A Dictionary of the Older Scottish Tongue (up to 1700)
Sky, n. Also: skye, skie, skey, ske. Pl. also skyse, skise. [ME ski(e (13th c.), ske (a1300), sky (Cursor M.), ON ský a cloud.]
1. ? A cloud.
To the superne eternall regioun Quhair noxiall skyis may mak no sogeorn; Dunb. App. xi 31.
2. The upper air, the firmament; the apparent vault of heaven.
Also with qualifying term, and without def. art.
(1) The sone in the sky wes schynyng so schir; Gol. & Gaw. 610.
Ixione … on a day … went vp in the sky, Sekand Juno; Henr. Orph. 495.
With heit and moysture stilland from the sky; Henr. Fab. 1684.
Our all cuntreis undirnethe the sky; Dunb. (OUP) 110/51.
He that is crownit abone the sky Pro nobis puer natus est; Dunb. (OUP) 4/55.
Dunb. (OUP) 160/44.
Dedalus … Sa bald was … To aventur hym self heich in the sky; Doug. vi i 16.
Scho … hed lever Ane nycht naikit into his armes ly, Na all the gold that wes wnder the sky; Stewart 55908.
By reasan that the lawmens dooms maks mention off the airth of the sky; 1583–4 Rec. Earld. Orkney 159.
This was the first day that brak the cloudis and cleiret the skye; Dalr. I 288/29.
(b) As Zepherus with bemis in the ske [: he]; Bann. MS I p. 15/3.
(2) I saw [the ship] approch agayn the orient sky; Dunb. G. Targe 50.
Abuf the sterrit sky; Doug. i v 55.
And the cleare christall sky banished the night; Craig v 5.
(3) Phebus … began ouirsile his visage dry With vapouris thik and cloudis full of sky; Bell. Boece I xv.
The Cristin conquerour Of euery kith and kinryk vndir sky; Bann. MS 31a/18.
3. pl. Mainly in verse: The heavens.
(1) The skyis ranyd quhen he wald scowle And trublit all the aire; Crying of Play 35.
The skyes rang for schoutyng of the larkis; Dunb. G. Targe 25.
The ruby skyes of the orient; Dunb. G. Targe 38.
Quhone sabill all the hevin arrayis, With mystie vapouris, cluddis and skyis; Dunb. (OUP) 191/3.
Dunb. (OUP) 150/11.
The skyis oft lychtnyt with fyry levin; Doug. i ii 65.
Aurora the wak nycht dyd arest And chays fra hevyn with hir dym skyis donk; Doug. iii ix 3.
The lauerok maid melody vp hie in the skyis; Compl. 39/21.
We exhort ȝow … to descend from the hie skyis … amang men; Winȝet I 20/8.
Blaw up organis … quhill all the skyis resound; G. Ball. 93.
(b) With this begoud to cleir the skyse And mirknes went away; Burel Pilgr. ii 231.
Skise; Burel Pilgr. i 246.
The christall skyis vith color cleir celest; J. Stewart 137 § 6.
(2) The birdis … Illumynit our with orient skyis brycht; Dunb. (OUP) 142/41.
Donk Aurora with hir misty schouris Fleand off skyis the brycht reflexioun; Bell. Bann. MS I p. 3/7.
Agruif lay some, others with eyes to skyes; Adamson Muses Thr. 112.
4. In various phrases and collocations, denoting daylight, esp. in the early morning or evening: a. (The) day(is)-sky, dawn, daybreak; first light. Freq. const. to break (Brek v. 8 b). b. Skybrack, c. The sky breaking, the breaking of the sky, = a. d. Sky rising, setting, sunrise, sunset. e. Till the sky set, until sunset. f. After the sky, after sunset. g. The going to of the sky, (the) sky going to, sunset, dusk. h. Betwix sky and sky, from sky to sky, ? between dawn and dusk, or sunrise and sunset. i. Between the sun and sky, between first light and sunrise.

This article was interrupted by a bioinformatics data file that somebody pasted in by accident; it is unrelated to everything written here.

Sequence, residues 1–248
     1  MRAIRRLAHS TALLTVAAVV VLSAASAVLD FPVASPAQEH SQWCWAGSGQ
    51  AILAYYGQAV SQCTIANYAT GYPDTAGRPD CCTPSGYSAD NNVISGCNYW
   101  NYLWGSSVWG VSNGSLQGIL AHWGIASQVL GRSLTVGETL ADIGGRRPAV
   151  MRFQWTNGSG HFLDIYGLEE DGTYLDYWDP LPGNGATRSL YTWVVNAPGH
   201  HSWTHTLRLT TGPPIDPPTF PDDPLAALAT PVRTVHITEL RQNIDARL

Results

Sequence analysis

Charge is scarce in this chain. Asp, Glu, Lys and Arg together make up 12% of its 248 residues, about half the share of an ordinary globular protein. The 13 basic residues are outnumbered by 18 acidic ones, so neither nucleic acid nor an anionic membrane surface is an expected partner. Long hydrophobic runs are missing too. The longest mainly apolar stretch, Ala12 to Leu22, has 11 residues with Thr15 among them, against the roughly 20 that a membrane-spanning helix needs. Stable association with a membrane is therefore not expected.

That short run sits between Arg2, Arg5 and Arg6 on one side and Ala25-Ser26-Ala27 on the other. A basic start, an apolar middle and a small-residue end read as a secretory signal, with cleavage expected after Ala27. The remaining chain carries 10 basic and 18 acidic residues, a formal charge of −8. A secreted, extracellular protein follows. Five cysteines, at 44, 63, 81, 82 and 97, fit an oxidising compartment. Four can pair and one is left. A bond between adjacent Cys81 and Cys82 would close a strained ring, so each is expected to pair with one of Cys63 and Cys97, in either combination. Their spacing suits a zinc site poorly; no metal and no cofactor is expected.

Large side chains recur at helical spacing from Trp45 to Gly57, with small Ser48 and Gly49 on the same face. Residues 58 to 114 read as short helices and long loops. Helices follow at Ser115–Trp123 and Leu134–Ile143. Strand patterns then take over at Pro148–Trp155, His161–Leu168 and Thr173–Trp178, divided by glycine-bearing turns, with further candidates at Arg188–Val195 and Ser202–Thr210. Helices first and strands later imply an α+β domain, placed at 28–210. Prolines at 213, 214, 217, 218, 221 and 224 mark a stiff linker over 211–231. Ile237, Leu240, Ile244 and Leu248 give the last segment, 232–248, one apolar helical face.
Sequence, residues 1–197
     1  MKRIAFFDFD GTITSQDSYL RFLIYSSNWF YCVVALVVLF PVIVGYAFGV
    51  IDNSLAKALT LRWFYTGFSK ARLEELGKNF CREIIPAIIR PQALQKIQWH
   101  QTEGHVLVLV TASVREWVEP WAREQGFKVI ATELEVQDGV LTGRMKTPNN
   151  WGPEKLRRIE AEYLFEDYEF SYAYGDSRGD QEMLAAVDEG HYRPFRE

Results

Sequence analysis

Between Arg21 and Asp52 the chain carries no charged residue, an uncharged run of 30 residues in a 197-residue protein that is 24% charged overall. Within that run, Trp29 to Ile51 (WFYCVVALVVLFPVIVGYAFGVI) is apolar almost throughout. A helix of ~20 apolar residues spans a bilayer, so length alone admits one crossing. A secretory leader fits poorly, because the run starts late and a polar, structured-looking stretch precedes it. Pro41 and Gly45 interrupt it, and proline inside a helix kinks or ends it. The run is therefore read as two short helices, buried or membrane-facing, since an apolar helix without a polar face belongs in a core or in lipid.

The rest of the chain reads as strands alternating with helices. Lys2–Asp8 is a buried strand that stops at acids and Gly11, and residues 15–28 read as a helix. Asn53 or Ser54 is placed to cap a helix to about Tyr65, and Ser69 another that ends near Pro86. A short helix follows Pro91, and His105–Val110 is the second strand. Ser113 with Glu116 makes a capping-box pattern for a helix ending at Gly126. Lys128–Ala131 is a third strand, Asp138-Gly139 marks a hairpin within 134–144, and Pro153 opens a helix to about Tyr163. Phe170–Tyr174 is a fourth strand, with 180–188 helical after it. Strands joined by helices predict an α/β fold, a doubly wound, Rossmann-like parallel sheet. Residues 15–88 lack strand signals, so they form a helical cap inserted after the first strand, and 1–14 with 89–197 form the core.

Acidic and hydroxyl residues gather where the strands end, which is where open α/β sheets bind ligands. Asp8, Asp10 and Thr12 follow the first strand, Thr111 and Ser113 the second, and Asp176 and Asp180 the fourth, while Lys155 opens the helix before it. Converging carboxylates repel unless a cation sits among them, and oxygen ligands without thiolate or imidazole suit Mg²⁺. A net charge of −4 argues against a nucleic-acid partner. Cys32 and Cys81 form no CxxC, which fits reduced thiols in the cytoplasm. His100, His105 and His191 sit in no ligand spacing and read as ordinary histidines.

a. (1) Get wp get wp we se the dayis sky; Fyve Bestes 244.
(2) Ane waich to stand at ylk end of the town … to waik outhouht the town quhill the day sky breik; 1524 Selkirk B. Ct. (ed.) 73.
We ordand foir vaychmen at every end of the town, men and na laddis, and to waik quhill the day sky be brokin; 1533 Selkirk B. Ct. (ed.) 132.
Syne in the morning as the da sky brak; Stewart 56872.
(3) Quhill day skye brek; 1515 Selkirk B. Ct. (ed.) 35.
b. Early in the morning befor skybraek; 1698 Misc. 3 Spald. C. II 113.
c. Fra about the sky braking till thrie efternone; Spalding II 287.
About the braking of the sky in the morning; Spalding II 287.
d. The Session made ane act that non should gather war or seawrack from Saturday att skey setting till Munday att skey rysing; 1683 Cullen Kirk S. 5 Nov.
e. Drinking … on the Lord's day till the skie sett; 1655 Cramond Ch. Grange 22.
f. The sessione finding that milns did often grind on the Lords day in the morning befor day & at night after the skie; 1648 Cullen Kirk S. 9 April.
g. (1) [He arrived] about the ganging to off the skye; 1598 Ellon Presb. 22.
The countrie people, about this tyme, hard nichtlie tovking of drumis, begining about the sky going to, and continewing quhill 8 houris at evin; Spalding II 101.
(2) He met that man … efter sky goeing too with moone light; 1661 Elgin Rec. II 297.
h. This assemblie ordaines there be no fishing [on the Sabbath day] betuix sky and sky; 1660 Moray Synod 129.
The profanation of the Sabbath day by salmond fishing particularly from sky to sky; 1660 Cramond Ch. Speymouth 27.
i. George Sim [declared] that Bailȝe Murray directed him off between the sun & skie on Saturndays nicht; 1670 Cullen Kirk S. 4 Sept.
You may wish to vary the format shown below depending on the citation style used.
"Sky n.". Dictionary of the Scots Language. 2004. Scottish Language Dictionaries Ltd. Accessed 3 Aug 2021 <https://www.dsl.ac.uk/entry/dost/sky>
Try an Advanced Search